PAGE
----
Spt6 regulates intragenic and antisense transcription, nucleosome positioning, and histone modifications genome-wide in fission yeast [ChIP-seq]
ABSTRACT: Spt6 is a highly conserved histone chaperone that interacts directly with both RNA polymerase II and histones to regulate gene expression. To gain a comprehensive understanding of the requirements for this critical factor, we have performed genome-wide analyses of transcription, chromatin structure, and histone modifications in an S. pombe spt6 mutant. Our results demonstrate several dramatic changes to transcription and chromatin structure in the spt6 mutant, including an elevation of antisense transcripts at over 70 percent of all genes and general loss of the +1 nucleosome. Furthermore, Spt6 is required for the trimethylation of histone H3 on lysines 4 and 36, marks associated with active transcription. Taken together, our results indicate that Spt6 is critical for the accuracy of transcription and the integrity of chromatin, likely via its direct interactions with RNA polymerase II and histones. ChIP-seq experiments were performed on wild type and spt6-1 strains on the following proteins: RNA polymerase II (Rpb1), Paf1 Complex (Ctr9), COMPASS (Swd1), Set2, Spt6, histones H2B and H3, histone modifications H3K4me3 and H3K36me3. Experiments were performed in replicates and matching inputs were also sequenced.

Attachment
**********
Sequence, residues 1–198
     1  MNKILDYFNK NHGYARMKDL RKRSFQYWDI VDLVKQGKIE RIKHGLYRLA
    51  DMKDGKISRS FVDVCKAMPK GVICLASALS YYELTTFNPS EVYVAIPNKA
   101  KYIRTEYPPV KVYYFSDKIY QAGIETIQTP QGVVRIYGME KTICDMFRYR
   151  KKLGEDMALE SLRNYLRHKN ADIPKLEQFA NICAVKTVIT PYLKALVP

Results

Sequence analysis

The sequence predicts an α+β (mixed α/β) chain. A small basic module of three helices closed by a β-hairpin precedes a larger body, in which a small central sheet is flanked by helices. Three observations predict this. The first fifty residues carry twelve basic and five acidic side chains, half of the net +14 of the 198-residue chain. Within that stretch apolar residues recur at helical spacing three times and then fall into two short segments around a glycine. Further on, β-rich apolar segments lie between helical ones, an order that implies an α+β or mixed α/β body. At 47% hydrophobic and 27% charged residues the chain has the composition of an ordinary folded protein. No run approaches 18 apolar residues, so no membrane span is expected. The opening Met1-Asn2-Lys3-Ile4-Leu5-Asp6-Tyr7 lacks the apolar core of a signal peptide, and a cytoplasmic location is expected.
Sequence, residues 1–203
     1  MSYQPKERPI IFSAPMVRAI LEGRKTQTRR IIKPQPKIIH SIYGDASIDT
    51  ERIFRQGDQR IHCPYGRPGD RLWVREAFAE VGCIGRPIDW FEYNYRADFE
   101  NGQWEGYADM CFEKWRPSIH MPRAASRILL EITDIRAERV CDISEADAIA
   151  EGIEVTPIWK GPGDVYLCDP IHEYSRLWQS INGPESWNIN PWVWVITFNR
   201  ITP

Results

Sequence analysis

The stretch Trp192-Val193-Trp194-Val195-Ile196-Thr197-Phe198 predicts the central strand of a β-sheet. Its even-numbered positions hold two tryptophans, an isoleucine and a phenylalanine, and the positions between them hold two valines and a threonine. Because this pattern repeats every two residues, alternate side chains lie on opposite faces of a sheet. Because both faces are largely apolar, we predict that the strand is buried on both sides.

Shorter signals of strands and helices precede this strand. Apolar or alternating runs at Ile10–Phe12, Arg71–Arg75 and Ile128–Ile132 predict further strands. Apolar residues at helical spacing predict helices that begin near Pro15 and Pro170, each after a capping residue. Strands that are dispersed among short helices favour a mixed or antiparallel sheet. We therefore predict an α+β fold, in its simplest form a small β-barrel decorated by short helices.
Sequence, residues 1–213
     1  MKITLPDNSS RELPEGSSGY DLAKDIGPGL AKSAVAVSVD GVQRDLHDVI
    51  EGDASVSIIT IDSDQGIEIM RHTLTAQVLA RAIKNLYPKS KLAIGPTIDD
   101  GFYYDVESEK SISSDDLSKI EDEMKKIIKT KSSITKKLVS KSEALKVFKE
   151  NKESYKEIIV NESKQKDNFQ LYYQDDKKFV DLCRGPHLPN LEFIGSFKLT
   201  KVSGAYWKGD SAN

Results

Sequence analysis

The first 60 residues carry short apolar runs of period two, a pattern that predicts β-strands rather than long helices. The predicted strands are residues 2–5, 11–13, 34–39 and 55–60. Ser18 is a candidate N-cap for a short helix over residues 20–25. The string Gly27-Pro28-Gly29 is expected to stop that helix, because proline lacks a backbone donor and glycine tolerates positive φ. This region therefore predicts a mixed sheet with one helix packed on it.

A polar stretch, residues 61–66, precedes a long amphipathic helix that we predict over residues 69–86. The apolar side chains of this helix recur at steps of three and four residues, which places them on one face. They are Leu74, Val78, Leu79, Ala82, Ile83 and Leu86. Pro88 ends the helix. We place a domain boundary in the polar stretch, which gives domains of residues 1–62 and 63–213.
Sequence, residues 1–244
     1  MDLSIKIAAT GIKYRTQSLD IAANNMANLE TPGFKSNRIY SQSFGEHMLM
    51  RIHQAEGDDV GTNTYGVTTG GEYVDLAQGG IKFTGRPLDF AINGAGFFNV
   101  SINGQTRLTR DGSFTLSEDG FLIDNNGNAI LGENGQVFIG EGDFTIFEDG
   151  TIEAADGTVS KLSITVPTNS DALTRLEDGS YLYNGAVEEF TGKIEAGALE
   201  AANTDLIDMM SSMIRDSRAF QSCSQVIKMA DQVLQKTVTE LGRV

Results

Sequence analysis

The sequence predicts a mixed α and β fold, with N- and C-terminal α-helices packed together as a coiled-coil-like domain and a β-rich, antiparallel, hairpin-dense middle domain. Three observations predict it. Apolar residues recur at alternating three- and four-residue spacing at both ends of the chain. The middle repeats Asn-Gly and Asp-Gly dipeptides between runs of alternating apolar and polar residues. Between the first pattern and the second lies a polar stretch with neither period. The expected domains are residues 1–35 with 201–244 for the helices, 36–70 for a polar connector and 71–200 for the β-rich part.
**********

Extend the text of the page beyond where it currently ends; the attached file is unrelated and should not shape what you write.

Project description:Spt6 is a highly conserved histone chaperone that interacts directly with both RNA polymerase II and histones to regulate gene expression. To gain a comprehensive understanding of the requirements for this critical factor, we have performed genome-wide analyses of transcription, chromatin structure, and histone modifications in an S. pombe spt6 mutant. Our results demonstrate several dramatic changes to transcription and chromatin structure in the spt6 mutant, including an elevation of antisense transcripts at over 70 percent of all genes and general loss of the +1 nucleosome. Furthermore, Spt6 is required for the trimethylation of histone H3 on lysines 4 and 36, marks associated with active transcription. Taken together, our results indicate that Spt6 is critical for the accuracy of transcription and the integrity of chromatin, likely via its direct interactions with RNA polymerase II and histones. MNase-seq experiments were performed on wild type and spt6-1 strains in replicate at two different MNase concentrations